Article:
An insight to African cooking

African cooking can be creative. Recently, I read about a lady who started making fish sausages. She believed the dish would make substantial income, and was not discouraged by the negative input when starting. This gave me the idea to write about a common meal in the streets of Uganda the "Rolex". The story illustrates how great creations can come about by thinking outside the box.

Introducing the "Rolex"

"Rolex" is rolled Chapati that originated in Wandegeya, a Kampala suburb in close proximity to Makerere University. It emerged in the early 2000s and was named and popularized by Makerere University students. It has since spread to other parts of the capital.

"Rolex" consists of a fresh omelet, finely sliced tomatoes and cabbages, chopped onions and green pepper rolled in freshly made Chapati, hence the name "Rolex" (rolled eggs). Though it may be considered a snack, many find it adequate enough for a quick lunch or supper.

Rolex, Ugandan food

Image Courtesy of drewidofmusic.blogspot.com

"Rolex" is usually sold by street food vendors, who set up their charcoal stoves, metal hot plates and chopping boards in popular eating and night life areas, such as Wandegeya, Nakulabye and Kabalagala. It may also be available in eating kiosks and take-away restaurants.

Making Rolex

Chapati is a common meal in East Africa, and it goes well with many dishes, like beef stew, beans {kicommando}, chicken and so much more. I even concocted my own chapati meal with ground turkey.

The "Rolex" has spread to other regions of East Africa, and is popular amongst the tourists.

Here is a recipe for a Rolex.

Source: Ugandawiki




The process of African cooking is a journey. Picking out the food and at times assimilating traditional methods of cooking into preparation. The whole process is a wonderful adventure and the climax is mesmeric.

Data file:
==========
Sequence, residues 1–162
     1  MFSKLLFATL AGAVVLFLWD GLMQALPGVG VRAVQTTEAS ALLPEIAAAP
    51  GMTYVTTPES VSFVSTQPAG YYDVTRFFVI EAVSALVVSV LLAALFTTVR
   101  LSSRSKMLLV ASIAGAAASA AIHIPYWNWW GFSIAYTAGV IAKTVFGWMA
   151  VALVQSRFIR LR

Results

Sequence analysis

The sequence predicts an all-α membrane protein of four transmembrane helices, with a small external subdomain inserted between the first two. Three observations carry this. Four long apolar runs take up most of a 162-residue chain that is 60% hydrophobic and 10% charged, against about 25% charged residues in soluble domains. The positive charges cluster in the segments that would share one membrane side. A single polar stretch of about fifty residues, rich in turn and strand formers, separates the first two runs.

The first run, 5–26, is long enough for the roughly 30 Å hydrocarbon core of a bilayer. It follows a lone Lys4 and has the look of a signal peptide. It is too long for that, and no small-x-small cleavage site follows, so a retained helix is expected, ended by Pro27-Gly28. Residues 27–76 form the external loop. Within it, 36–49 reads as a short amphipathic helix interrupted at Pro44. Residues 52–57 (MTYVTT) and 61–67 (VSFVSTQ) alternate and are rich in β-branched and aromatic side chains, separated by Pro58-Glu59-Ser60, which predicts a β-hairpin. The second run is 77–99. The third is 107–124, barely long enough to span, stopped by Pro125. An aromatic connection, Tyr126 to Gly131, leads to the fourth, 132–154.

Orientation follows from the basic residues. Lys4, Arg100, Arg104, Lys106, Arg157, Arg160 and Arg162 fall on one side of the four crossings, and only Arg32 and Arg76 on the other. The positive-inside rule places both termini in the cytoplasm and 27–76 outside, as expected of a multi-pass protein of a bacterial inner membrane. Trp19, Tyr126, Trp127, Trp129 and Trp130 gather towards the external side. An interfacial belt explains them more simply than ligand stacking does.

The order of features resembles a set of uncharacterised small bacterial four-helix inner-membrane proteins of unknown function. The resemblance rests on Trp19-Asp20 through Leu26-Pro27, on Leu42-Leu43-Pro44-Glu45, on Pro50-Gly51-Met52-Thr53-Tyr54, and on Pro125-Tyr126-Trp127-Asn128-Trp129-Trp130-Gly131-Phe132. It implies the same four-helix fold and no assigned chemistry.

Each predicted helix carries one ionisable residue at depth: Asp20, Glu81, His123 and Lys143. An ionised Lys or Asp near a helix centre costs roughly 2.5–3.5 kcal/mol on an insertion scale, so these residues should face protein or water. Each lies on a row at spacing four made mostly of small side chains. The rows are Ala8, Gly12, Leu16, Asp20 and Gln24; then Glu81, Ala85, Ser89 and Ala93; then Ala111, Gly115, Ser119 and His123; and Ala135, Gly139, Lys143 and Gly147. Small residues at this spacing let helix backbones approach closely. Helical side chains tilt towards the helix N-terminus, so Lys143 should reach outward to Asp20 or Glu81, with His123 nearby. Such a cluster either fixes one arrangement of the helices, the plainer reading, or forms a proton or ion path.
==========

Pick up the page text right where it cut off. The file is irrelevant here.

The video below is an exhilarating adventure of cooking, ending with a perfect meal, colored with tasty organic flavors. The food in the video is a staple Senegalese dish and showcases the great natural food in Africa.

A Tasteful Journey of African Cooking




I am Ugandan and enjoy cooking. In life I have been privileged to be exposed to various cultures. In recent times, I have noticed in Africa that countries cook the same food differently.

I was having a conversation with a Ghanaian friend, and he was explaining the various ways they cook cassava. He told me about Gari Foto, where the cassava is mashed. This was quite interesting because in Uganda they mainly fry cassava or boil it. It is never mashed. Furthermore, I found a video online which illustrates how the Guineans cook cassava. In Guinea they use cassava leaves to make sauce, as seen in the video below.

After all these intriguing encounters, I thought to my self, Africa has a lot of diversity in cooking. The food is literally "colored" with numerous flavors. If this diversity was allowed to cross boundaries and be shared, way of life in Africa would be even more exciting.

Below is an image of Gari Foto, Courtesy of whosworld.org

Gari Foto



For more African cooking, check out articles on various African nations

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